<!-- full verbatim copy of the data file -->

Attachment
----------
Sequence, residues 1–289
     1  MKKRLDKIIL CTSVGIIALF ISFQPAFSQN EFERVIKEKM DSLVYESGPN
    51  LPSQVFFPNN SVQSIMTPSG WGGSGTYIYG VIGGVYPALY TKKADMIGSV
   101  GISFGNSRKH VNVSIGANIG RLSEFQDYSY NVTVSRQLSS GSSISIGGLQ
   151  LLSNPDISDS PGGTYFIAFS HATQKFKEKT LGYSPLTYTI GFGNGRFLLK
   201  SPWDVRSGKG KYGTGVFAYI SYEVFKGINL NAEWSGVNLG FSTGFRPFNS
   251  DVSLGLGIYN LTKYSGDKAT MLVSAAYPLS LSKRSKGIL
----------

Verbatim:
Sequence, residues 1–289
     1  MKKRLDKIIL CTSVGIIALF ISFQPAFSQN EFERVIKEKM DSLVYESGPN
    51  LPSQVFFPNN SVQSIMTPSG WGGSGTYIYG VIGGVYPALY TKKADMIGSV
   101  GISFGNSRKH VNVSIGANIG RLSEFQDYSY NVTVSRQLSS GSSISIGGLQ
   151  LLSNPDISDS PGGTYFIAFS HATQKFKEKT LGYSPLTYTI GFGNGRFLLK
   201  SPWDVRSGKG KYGTGVFAYI SYEVFKGINL NAEWSGVNLG FSTGFRPFNS
   251  DVSLGLGIYN LTKYSGDKAT MLVSAAYPLS LSKRSKGIL